Essential Coop Equipment

There are certain tools that are essential for caring for your backyard flock of hens. There’s the fine-tined pitchfork to pick up manure, and the bucket to put it in. There’s the galvanized can for storing feed, and the scoop to dole it out with. There’s the scrub brush for keeping the waterers clean, and the rake for pen maintenance.

This is also essential for chicken keeping – a stool.


The more you spend time with your chickens, the more you’ll know them, and the better a chicken keeper you’ll be. Sit awhile in their midst. You might also find that your blood pressure lowers and your heart rate steadies. Chickens are calming like that.

A little, cheerful, easy to tote stool is just the thing. I keep this yellow stool in the barn, not in the pen, so that when I want to sit on it, it is clean of manure and chicken feet prints.

I know some people who like having their hens jump on their heads and their backs and their laps. I don’t. I want them to ask. Beatrice came right up to me chattering. Very polite.



I lifted her up and we had a nice conversation.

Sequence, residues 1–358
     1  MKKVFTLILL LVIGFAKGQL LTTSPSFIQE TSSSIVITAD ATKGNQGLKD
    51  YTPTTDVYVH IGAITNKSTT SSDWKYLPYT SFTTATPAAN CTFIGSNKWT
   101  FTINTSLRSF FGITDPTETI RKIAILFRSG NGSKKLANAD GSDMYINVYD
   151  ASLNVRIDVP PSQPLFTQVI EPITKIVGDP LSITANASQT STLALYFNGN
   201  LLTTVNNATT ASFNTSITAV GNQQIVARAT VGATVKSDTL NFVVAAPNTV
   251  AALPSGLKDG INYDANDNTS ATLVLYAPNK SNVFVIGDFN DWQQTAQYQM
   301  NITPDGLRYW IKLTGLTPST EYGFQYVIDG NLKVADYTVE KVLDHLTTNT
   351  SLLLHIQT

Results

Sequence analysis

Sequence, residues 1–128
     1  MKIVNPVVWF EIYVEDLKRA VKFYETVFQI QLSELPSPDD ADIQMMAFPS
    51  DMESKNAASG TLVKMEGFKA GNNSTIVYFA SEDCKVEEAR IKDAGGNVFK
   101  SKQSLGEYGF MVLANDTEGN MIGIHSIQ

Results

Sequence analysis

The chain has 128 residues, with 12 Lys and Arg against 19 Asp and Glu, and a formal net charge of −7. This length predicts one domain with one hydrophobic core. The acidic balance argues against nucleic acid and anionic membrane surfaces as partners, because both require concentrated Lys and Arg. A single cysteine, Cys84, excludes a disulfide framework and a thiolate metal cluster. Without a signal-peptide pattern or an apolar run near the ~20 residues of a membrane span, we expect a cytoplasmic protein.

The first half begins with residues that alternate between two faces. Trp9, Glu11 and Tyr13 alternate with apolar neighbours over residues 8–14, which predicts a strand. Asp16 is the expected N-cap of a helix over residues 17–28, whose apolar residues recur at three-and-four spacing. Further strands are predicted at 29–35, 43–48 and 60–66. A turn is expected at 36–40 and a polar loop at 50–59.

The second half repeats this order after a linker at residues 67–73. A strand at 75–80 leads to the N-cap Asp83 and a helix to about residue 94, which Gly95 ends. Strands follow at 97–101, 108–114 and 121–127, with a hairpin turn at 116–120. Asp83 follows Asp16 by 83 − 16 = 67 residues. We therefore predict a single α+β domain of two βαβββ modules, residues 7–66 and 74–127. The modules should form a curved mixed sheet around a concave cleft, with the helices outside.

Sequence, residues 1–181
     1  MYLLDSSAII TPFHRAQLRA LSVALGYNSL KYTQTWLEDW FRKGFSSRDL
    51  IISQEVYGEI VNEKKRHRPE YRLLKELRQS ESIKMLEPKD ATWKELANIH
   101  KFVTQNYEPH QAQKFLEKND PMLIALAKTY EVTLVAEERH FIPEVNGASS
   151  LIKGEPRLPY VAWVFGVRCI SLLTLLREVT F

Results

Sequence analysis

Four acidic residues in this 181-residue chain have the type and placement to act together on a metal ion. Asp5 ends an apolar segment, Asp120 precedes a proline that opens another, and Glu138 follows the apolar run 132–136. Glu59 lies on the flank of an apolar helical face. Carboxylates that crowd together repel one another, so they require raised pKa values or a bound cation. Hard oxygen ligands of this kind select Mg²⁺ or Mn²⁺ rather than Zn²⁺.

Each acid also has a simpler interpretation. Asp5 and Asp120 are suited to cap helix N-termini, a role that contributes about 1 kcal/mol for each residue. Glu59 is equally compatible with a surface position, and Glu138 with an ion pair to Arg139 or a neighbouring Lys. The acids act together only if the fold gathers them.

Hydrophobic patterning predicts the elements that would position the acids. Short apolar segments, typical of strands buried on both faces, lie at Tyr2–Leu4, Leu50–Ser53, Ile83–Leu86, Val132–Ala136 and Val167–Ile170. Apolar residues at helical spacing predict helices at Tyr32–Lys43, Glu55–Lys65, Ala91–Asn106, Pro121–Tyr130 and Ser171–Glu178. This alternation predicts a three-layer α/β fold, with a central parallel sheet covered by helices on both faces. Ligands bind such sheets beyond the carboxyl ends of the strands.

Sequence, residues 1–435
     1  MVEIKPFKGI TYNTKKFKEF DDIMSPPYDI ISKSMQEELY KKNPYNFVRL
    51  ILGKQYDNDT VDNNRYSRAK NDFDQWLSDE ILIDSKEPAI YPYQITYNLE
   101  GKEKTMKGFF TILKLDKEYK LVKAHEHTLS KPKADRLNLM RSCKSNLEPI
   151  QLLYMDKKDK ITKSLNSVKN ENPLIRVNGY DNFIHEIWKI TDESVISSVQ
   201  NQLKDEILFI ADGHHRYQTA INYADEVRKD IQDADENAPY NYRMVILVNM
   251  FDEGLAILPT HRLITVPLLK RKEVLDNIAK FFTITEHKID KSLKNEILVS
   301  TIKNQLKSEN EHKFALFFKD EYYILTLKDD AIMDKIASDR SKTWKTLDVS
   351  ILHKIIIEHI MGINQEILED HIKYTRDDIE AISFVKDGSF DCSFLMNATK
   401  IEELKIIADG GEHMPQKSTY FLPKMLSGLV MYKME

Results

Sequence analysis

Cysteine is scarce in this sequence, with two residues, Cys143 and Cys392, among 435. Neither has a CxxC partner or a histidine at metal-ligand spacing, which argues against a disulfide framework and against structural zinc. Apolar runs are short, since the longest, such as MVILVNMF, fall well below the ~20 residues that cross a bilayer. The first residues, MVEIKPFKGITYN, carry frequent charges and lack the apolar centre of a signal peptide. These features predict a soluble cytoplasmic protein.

Owly also wanted one-on-one time. But she had a big plop of manure on her foot. That’s why I like them to ask. I said hello and put her back down.



I’m not much into holding my chickens. I certainly don’t want to hug the girls. I handle them so that I can better care for them.(Never kiss your chickens! There’s always salmonella around; with the usual handling and hand washing afterwards the risk is minimal. Kissing, though, is risky.) What I like is to watch them. And they like to watch me.



  1. So nice! Terry, are there some that seem to never want that relationship with you? Are there some that never want you to pick them up or do they all seem to want to be company with you?

    • Each breed has their own temperament, and each hen has unique quirks within that type. Misty and Twiggy have no interest in handling, and that’s fine with me. But, they all know me and interact with me.

    • I wasn’t going to, but today is THE perfect day of the entire year. The beauty is heart-stopping, the temp perfect. So, yes, I’m getting to the barn!

  2. Great article. We recently found two Crevecouer Roosters on the side of the road. We brought them home. They are not very tame but not aggressive either. Once cornered, I can pick them up and hold them. Can you tame an adult Rooster?

  3. Picture three, circling looking for a vulnerable spot for a sneak attack. ;-)

  4. We all like to watch you, Terry =) Thanks for the info. Must get a little stool. Love your boots!